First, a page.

Import predictions for pork and poultry remained unchanged, but export expectations were lowered for all three meats. Declines in pork export expectations— to the tune of 160 mp lower at 5.21 bp—stem largely from the de facto bans on U.S. pork in China and Russia. Chicken and turkey export expectations dropped 50 mp and 30 mp respectively mostly on higher prices comparative to the world market.

Collectively, increased supplies of pork and poultry have moved the overall expectation of per capita meat availability up slightly. Compared to the prior month’s report, April’s WASDE placed per capita meat availability at 204.1 pounds per person, a .2-pound increase.


There were a few surprises in the main crops, primarily in how low the U.S. ending stocks for corn estimates were. Compared to pre-report projections, the USDA estimates were well below what was expected.

Corn: Adjustments to the domestic corn situation raised some eyebrows. A 150 mb decrease in expected Feed and Residual use was the largest change, with increases to Food, Seed and Industrial uses as well as ethanol production. Expected export figures for corn also fell 25 mb. Collectively, the alterations resulted in a 125 mb increase to domestic corn ending stocks, bringing them to 757 mb.

“USDA has some explaining to do with its corn ending stocks figure of 757 mb,” said DTN Senior Analyst, Darin Newsom. “The average prereport estimate was 824 mb with most leaning higher given the recent quarterly stocks number.”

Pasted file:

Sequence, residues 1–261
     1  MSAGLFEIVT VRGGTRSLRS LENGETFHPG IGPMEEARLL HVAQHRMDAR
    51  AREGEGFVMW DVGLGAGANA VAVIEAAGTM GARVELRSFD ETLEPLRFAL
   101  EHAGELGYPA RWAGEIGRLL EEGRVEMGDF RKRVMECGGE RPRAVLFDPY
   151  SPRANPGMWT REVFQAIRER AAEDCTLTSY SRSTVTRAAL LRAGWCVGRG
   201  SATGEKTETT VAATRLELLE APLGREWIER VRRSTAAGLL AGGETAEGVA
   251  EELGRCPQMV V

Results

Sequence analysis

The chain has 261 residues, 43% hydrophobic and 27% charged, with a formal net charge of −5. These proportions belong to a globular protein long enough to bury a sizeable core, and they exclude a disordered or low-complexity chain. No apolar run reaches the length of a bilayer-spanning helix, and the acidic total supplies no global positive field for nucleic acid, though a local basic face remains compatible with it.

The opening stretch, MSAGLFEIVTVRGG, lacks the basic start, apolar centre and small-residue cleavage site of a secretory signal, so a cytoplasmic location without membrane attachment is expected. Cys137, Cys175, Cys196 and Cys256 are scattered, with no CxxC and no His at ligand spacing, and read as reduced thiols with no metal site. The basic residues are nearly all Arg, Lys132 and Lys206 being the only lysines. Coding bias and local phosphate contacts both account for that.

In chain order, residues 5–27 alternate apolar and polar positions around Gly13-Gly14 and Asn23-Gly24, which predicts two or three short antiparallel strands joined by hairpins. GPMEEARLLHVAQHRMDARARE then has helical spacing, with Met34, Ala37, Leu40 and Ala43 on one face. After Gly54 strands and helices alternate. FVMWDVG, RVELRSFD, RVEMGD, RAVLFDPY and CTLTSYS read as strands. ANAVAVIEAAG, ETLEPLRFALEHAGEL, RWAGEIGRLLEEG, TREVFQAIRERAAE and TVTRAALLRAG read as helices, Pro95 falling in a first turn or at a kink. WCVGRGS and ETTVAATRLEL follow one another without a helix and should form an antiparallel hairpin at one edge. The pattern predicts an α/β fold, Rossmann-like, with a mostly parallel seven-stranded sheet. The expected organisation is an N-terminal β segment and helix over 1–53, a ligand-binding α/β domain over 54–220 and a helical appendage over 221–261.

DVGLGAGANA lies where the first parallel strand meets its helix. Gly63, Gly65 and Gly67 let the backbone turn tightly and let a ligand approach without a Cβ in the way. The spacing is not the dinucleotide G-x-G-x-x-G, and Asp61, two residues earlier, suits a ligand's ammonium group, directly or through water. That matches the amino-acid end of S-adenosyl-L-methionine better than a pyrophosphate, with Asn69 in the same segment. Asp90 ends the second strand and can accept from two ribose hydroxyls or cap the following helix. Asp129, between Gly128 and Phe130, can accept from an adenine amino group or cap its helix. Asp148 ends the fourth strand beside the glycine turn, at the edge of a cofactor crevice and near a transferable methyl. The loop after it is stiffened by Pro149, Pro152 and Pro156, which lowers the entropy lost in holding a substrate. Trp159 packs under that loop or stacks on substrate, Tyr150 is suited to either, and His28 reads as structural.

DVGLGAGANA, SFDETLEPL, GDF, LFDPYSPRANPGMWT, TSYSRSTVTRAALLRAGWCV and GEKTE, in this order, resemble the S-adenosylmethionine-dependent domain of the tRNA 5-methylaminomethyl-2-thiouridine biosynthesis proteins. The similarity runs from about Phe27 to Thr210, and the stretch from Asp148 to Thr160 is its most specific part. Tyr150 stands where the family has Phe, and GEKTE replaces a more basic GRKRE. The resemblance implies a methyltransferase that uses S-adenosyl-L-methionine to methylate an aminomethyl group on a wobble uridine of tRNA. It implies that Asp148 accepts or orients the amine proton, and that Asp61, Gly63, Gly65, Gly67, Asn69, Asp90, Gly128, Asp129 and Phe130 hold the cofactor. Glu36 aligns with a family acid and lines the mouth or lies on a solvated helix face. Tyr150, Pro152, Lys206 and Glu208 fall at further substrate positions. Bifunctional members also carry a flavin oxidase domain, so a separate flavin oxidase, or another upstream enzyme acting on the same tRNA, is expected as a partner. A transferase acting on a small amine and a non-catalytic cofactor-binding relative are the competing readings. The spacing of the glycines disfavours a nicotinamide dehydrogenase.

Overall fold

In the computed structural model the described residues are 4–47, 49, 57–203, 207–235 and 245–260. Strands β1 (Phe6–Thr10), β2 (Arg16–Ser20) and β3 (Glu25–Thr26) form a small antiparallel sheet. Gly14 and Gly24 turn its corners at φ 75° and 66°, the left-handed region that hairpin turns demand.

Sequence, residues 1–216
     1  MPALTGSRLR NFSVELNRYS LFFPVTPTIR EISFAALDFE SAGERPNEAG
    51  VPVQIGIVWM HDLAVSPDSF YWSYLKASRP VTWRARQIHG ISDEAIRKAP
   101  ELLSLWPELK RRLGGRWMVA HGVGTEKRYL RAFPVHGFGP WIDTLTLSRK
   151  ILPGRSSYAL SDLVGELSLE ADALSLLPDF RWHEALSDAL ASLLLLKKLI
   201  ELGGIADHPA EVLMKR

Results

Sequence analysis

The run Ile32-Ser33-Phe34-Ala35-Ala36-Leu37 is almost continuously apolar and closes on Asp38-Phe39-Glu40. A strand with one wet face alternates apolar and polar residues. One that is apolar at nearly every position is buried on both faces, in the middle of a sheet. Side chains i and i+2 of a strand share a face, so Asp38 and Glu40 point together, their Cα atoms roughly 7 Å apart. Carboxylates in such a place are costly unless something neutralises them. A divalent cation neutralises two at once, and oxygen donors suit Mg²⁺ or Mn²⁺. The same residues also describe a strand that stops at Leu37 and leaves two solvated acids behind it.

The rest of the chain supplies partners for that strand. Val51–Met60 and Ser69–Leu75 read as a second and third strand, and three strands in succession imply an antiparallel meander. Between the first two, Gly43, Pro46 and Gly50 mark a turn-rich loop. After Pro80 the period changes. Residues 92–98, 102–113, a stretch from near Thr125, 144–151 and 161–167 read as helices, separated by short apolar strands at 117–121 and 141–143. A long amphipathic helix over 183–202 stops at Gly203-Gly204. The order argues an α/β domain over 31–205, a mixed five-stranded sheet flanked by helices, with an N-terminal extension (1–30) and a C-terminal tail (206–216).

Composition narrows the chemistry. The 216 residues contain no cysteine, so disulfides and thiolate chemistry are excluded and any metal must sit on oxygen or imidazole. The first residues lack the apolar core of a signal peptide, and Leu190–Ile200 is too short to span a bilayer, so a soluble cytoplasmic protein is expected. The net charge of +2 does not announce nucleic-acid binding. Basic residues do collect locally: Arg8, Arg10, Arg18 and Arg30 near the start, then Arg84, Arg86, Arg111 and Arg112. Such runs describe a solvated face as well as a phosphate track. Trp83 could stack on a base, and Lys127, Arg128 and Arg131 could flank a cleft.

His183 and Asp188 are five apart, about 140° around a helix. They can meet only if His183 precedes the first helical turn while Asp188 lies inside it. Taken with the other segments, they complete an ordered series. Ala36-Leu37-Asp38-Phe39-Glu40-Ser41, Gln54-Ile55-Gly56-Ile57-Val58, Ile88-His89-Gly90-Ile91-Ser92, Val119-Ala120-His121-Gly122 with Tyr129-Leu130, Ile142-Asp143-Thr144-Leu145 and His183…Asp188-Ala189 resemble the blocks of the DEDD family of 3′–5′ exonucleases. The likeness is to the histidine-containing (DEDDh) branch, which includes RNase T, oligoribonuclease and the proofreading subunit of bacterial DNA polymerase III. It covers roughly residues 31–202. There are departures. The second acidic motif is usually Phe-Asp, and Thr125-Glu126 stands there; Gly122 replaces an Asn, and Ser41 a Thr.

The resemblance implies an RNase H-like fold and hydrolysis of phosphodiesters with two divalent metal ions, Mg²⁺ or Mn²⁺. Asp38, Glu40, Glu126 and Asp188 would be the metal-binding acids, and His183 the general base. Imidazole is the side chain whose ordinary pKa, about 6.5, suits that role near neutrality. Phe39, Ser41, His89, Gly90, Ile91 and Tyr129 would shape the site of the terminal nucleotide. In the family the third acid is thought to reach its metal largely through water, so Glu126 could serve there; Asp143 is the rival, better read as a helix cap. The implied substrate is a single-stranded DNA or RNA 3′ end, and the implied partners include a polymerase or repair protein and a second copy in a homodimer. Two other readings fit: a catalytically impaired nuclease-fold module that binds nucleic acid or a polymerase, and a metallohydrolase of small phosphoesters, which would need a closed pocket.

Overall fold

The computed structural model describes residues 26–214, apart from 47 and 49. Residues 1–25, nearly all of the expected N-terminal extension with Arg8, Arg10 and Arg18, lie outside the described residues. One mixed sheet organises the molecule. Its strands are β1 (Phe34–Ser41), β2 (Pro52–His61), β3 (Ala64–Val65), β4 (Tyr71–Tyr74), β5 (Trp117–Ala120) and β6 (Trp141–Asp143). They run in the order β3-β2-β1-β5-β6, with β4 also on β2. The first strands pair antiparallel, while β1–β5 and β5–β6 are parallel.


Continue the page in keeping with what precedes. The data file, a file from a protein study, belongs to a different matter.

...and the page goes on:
According to WASDE, larger-than-expected March 1 corn supplies, lower corn prices, and favorable margins for producing and blending ethanol are combining to limit the expected year-to-year decline in ethanol production during the second half of the marketing year (March-August).

Since the prior week’s lows, corn futures have been heading up steadily on the near term.

Globally, corn production estimates increased 1.85 million metric tons, led mostly by increased corn expectations from the EU and Brazil. At the same time, global corn trade and domestic feed usage are expected to decrease, meaning that world ending stocks for corn are projected up. The increase in Brazilian estimates came from the recent spate of good weather.

Wheat: U.S. wheat estimates stayed mostly unchanged, though some usage and allocation details shifted around between last month’s and this month’s WASDE. Seed use increase by 1 million bushels (mb) to 76 mb, and feed and residual use dropped by 15 mb. This increased the ending stock estimates accordingly.

The most recent Crop Progress report, released Mon., April 8, indicated that little had changed across the country in terms of winter wheat condition. Poor to very poor still described 30 percent of the crop condition, but the good to excellent condition gained two more percentage points at 36 percent compared to the prior week.

According to DTN’s Katie Micik, ending stocks for wheat in the most recent WASDE were dead even with the average pre-report guess with 731 mb, and a 15 mb increase from March. Those 15 mb come from lower feed and residual use than USDA previously expected. The stocks-to-use ratio climbed to 30.3 percent.

Globally, wheat supplies for 2012/13 were raised 2.9 million tons on higher world beginning stocks, but most all of this is attributable to paperwork things and revisions in older records rather than new events. — Kerry Halladay, WLJ Editor